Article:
Rumsfeld v. Forum for Academic and Institutional Rights, Inc.

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Rumsfeld v. Forum For Academic and Institutional Rights, Inc.
Seal of the United States Supreme Court.svg
Argued December 6, 2005
Decided March 6, 2006
Full case name Donald H. Rumsfeld, Secretary of Defense, et al. v. Forum for Academic and Institutional Rights, Inc., et al.
Docket nos. 04-1152
Citations 547 U.S. 47 (more)
126 S. Ct. 1297; 164 L. Ed. 2d 156; 2006 U.S. LEXIS 2025; 74 U.S.L.W. 4159; 2006 WL 521237
Prior history Defendant's motion to dismiss denied, 291 F. Supp. 2d 269 (D.N.J. 2003), rev'd, 390 F.3d 219 (3d Cir. 2004), cert. granted, 125 S. Ct. 1977 (2005)
Holding
Because Congress could require law schools to provide equal access to military recruiters without violating the schools’ freedoms of speech and association, the Third Circuit erred in holding that the Solomon Amendment likely violates the First Amendment. Third Circuit Court of Appeals reversed and remanded.
Court membership
Case opinions
Majority Roberts, joined by Stevens, Scalia, Kennedy, Souter, Thomas, Ginsburg, Breyer
Alito took no part in the consideration or decision of the case.
Laws applied
U.S. Const. amend. I; 10 U.S.C. § 983(b)(1) (Solomon Amendment)

Rumsfeld v. Forum for Academic and Institutional Rights, Inc., 547 U.S. 47 (2006), was a United States Supreme Court case in which the Court ruled that the federal government, under the Solomon Amendment, could constitutionally withhold funding from universities if they refuse to give military recruiters access to school resources. Law schools were unwilling to allow recruiters onto campus because they considered the military's so-called "Don't ask, don't tell" policy discriminatory. The Supreme Court held oral arguments on December 6, 2005, and issued an 8-0 decision March 6, 2006, finding the Solomon Amendment constitutional.

Background[edit]

In 1993, Congress passed the "Don't ask, don't tell" policy, codified at 10 U.S.C. § 654, which required that the military discharge a member who (with certain exceptions):

[H]as engaged in, attempted to engage in, or solicited another to engage in a homosexual act or acts ... [Or if] the member has stated that he or she is a homosexual or bisexual, or words to that effect, unless there is a further finding ... [made] [t]hat the member has demonstrated that he or she is not a person who engages in, attempts to engage in, has a propensity to engage in, or intends to engage in homosexual acts ... [Or if] the member has married or attempted to marry a person known to be of the same biological sex.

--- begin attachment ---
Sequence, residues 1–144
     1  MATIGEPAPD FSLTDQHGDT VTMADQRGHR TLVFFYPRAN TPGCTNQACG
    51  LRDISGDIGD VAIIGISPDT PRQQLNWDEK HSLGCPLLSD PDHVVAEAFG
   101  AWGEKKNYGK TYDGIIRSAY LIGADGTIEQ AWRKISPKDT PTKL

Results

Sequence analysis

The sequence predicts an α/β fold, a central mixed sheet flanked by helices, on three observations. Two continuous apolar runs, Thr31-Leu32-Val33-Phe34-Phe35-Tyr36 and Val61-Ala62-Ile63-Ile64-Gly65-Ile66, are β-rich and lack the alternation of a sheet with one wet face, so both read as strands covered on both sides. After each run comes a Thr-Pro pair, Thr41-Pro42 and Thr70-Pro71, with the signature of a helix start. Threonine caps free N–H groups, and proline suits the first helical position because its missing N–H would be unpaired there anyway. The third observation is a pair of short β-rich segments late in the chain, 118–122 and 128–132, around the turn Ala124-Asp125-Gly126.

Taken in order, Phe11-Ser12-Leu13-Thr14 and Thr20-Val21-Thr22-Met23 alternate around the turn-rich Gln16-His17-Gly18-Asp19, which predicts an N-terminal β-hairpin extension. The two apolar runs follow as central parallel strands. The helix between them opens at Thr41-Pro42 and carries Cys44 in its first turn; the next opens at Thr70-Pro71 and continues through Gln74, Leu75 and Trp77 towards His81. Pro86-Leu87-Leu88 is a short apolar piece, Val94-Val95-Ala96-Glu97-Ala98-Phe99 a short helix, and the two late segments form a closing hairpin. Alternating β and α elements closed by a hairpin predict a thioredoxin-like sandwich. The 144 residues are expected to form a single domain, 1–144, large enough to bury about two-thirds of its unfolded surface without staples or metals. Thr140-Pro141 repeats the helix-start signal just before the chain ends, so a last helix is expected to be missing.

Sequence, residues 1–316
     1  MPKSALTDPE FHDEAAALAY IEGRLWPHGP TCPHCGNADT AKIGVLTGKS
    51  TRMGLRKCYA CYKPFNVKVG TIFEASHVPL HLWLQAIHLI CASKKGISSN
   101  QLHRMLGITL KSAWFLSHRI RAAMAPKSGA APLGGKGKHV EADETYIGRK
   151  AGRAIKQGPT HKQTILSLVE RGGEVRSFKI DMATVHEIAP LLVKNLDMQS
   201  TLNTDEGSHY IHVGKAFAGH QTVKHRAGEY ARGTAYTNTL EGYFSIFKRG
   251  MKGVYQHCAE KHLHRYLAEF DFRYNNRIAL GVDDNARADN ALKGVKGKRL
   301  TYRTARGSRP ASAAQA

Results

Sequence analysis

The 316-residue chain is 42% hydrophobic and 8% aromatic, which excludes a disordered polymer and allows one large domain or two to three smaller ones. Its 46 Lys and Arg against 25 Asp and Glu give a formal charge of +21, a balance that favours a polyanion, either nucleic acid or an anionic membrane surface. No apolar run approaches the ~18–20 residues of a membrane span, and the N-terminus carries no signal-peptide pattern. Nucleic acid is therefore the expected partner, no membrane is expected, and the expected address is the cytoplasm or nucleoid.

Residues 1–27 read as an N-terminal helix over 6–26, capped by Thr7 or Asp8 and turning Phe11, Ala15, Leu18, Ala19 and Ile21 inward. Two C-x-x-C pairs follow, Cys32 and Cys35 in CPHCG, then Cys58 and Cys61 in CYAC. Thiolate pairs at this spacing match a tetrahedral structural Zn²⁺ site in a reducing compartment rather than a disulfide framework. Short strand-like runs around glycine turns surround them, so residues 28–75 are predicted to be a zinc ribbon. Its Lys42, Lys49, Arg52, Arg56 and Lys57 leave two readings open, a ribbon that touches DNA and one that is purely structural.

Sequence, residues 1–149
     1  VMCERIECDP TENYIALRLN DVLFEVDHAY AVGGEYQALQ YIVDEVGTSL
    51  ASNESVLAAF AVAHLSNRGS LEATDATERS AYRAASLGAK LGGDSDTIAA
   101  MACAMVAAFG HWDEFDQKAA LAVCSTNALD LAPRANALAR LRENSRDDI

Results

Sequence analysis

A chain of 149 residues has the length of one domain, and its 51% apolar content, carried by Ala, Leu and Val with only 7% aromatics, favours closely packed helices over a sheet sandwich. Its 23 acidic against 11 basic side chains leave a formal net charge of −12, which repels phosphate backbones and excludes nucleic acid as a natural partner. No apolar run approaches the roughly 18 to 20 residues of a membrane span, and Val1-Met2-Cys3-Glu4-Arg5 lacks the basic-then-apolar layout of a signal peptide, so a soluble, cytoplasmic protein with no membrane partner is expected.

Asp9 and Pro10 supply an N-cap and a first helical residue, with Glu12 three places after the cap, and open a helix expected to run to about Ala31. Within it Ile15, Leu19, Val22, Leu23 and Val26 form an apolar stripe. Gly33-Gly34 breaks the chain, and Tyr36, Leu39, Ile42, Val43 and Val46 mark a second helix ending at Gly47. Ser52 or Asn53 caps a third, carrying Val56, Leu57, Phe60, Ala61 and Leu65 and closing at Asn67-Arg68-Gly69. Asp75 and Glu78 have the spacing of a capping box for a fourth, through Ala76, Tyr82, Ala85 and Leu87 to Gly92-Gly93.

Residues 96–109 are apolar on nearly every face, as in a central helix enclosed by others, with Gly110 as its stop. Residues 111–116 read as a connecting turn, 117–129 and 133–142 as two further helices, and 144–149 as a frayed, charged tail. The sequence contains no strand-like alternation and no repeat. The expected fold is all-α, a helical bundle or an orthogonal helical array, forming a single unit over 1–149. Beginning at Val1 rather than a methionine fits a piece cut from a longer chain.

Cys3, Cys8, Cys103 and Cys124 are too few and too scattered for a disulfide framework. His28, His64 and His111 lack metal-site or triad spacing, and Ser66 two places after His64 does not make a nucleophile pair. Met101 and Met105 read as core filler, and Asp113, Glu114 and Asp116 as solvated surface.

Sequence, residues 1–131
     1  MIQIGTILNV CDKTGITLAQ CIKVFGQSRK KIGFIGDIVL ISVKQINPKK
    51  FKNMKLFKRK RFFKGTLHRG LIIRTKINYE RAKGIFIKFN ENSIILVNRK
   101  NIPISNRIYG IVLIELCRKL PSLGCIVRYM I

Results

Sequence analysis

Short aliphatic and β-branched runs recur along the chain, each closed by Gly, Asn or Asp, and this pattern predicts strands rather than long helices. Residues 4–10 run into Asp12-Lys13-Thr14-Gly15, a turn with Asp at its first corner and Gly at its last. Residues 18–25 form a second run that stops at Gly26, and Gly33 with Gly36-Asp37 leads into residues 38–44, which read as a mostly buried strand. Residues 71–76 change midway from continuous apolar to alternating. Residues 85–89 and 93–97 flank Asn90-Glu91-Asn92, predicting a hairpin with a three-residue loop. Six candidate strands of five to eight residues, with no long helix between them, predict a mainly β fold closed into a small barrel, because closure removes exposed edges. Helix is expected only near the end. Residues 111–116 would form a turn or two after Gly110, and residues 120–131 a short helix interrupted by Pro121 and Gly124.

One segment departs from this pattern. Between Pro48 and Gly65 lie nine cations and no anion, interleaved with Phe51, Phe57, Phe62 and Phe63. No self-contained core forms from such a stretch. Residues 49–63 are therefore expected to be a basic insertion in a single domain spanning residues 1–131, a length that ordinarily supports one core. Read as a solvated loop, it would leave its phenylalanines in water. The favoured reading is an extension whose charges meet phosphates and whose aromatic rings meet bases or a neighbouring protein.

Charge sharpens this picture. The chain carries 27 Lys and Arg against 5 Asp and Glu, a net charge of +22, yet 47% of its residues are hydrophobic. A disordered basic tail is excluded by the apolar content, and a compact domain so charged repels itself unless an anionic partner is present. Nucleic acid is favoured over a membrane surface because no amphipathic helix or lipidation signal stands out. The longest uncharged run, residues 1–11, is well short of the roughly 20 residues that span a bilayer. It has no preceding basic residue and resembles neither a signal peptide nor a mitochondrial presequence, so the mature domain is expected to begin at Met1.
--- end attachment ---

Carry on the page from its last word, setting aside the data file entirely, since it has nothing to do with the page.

Many law schools had policies denying campus access to recruiters from employers who did not comply with their anti-discrimination policies. Objecting to the military's "Don't ask, don't tell" policy as discriminatory, the schools refused to permit military recruiters on-campus. Congress responded by passing the Solomon Amendment, which required colleges and universities receiving federal money to allow military recruiters onto their campuses in the same manner as recruiters for other employers.

In Fall 2003, Forum for the Academic & Institution Rights, Inc. (FAIR), an association of law schools and law faculty asked the United States District Court for the District of New Jersey to enjoin enforcement of the Solomon Amendment on the grounds it violated their First Amendment rights to free speech and freedom of association. The District Court ruled against FAIR. FAIR then appealed to the United States Circuit Court of Appeals for the Third Circuit, which found in November 2004 that FAIR had "demonstrated a likelihood of success on the merits of its First Amendment claims and that it is entitled to preliminary injunctive relief."[1]

Secretary Rumsfeld's position was represented before the Supreme Court by the Solicitor General, Paul Clement. FAIR's oral argument was presented by E. Joshua Rosenkranz.

Opinion of the Court[edit]

The Court, in an 8-0[2] opinion written by Chief Justice Roberts, held that the government could deny federal funds to schools that do not permit recruitment. The court noted that the Solomon Amendment neither denies the institutions the right to speak, nor requires them to say anything. The opinion also holds that Congress, through the "raise and support Armies" clause, could even directly force schools to allow recruiting without threatening the withholding of funds, if they so desired, and that, as a result, no question of "unconstitutional conditions" arises.[3]

Footnotes[edit]

  1. ^ New York Times: Adam Liptak, "Colleges Can Bar Army Recruiters," November 30, 2004, accessed March 13, 2012
  2. ^ Sandra Day O'Connor heard the case, but retired before the decision was handed down.
  3. ^ New York Times: Linda Greenhouse, "U.S. Wins Ruling Over Recruiting at Universities," March 7, 2006, accessed March 13, 2012

External links[edit]